Groups in essence are discussion forums. Anybody can create a group, and invite people to become members. These groups can either be public (anybody can join) or private (upon invitation or approval). As mentioned above, companies can create a group that will be linked to their company page. Often, these are used, e.g., by the customer care and / or the support department. Interesting for lawyers is that groups can be dedicated to specific topics, and that there are plenty of groups that deal with legal matters (as well as legal technology). Taking part in discussions in such groups can help build your online reputation.

Like other social media, LinkedIn also offers messaging and notification services. For lawyers, LinkedIn also is an important advertising platform (cf. the statistics quoted in the introduction to this article).

Apart from the services mentioned above, LinkedIn also offers a series of other services. These focus on learning and on insights; they allow you to post job offers, etc. In this context (of recruitment) it is worth mentioning a new service that at present is only available in the US and within specific service categories, and is called ProFinder. “LinkedIn ProFinder is LinkedIn’s professional services marketplace that helps you find the best freelance or independent professionals in your area.” It already does include certain legal services, and is expected to include more services, and to become available internationally.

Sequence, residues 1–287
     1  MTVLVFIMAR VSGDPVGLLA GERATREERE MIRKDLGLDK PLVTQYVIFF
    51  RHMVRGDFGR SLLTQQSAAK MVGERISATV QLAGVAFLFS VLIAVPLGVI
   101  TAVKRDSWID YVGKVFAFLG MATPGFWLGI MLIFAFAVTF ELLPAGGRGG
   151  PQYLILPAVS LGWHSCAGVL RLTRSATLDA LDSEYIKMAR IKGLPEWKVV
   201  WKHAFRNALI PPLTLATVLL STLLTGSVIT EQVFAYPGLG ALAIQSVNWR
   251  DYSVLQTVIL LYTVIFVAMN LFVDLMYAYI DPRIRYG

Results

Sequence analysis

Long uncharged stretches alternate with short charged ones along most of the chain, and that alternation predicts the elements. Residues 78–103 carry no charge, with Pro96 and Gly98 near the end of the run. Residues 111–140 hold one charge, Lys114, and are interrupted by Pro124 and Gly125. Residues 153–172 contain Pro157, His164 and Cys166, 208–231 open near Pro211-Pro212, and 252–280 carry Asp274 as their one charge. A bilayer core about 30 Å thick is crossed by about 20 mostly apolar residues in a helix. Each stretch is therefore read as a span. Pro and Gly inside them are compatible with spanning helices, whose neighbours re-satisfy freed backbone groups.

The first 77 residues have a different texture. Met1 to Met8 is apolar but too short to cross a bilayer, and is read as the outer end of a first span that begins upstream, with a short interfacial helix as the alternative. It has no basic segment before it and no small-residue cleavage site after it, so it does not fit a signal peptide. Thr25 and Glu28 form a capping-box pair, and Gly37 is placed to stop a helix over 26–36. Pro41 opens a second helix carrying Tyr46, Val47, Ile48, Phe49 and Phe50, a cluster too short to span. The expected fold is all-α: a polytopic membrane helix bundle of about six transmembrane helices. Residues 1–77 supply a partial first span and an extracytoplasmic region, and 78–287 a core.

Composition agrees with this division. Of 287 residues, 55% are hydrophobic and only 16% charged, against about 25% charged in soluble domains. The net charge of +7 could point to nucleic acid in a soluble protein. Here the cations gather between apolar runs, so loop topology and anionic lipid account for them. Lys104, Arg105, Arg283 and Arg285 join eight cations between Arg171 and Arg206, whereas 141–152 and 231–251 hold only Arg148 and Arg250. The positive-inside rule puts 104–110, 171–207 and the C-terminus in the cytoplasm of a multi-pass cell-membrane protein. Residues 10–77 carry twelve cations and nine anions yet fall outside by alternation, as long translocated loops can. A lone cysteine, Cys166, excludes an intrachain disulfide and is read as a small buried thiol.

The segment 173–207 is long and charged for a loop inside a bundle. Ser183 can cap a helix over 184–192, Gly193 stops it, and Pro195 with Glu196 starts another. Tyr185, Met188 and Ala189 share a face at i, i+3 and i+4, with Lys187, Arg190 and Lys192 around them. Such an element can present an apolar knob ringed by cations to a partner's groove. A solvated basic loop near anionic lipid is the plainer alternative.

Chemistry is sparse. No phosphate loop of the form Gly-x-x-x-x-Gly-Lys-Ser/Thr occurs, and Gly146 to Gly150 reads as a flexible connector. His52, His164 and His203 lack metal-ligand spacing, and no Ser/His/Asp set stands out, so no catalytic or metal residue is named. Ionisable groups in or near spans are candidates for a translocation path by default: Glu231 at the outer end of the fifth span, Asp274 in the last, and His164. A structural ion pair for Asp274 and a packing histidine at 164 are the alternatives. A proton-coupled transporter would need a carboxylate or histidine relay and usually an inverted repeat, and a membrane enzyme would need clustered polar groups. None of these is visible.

Also worth mentioning is Slideshare. It is a hosting service for professional content including presentations, infographics, documents, and videos. Users can upload files privately or publicly in PowerPoint, Word, PDF, or OpenDocument format. Content can then be viewed on the site itself, on hand held devices or embedded on other sites.

 

Sources:

 

The 2018 Social Law Firm Index

Every year, towards the end of the year, Good2bSocial (www.good2bsocial.com) publishes a ‘Social Law Firm Index’. It is a study of digital marketing adoption, use, and best practices in the legal industry. The report aims to determine the effectiveness of law firms’ efforts and includes reviews and rankings of the US top law firms.  It assesses the firms’ publicly available thought leadership content, and measures social media reach, engagement, and marketing performance on specific social platforms, such as Twitter, LinkedIn, Facebook, and Instagram. Here are some of the highlights of the 2018 Social Law Firm Index.